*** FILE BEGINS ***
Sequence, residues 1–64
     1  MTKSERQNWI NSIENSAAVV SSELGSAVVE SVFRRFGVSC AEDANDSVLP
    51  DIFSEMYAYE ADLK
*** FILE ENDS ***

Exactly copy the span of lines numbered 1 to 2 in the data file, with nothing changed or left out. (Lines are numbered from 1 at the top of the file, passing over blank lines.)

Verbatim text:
Sequence, residues 1–64
     1  MTKSERQNWI NSIENSAAVV SSELGSAVVE SVFRRFGVSC AEDANDSVLP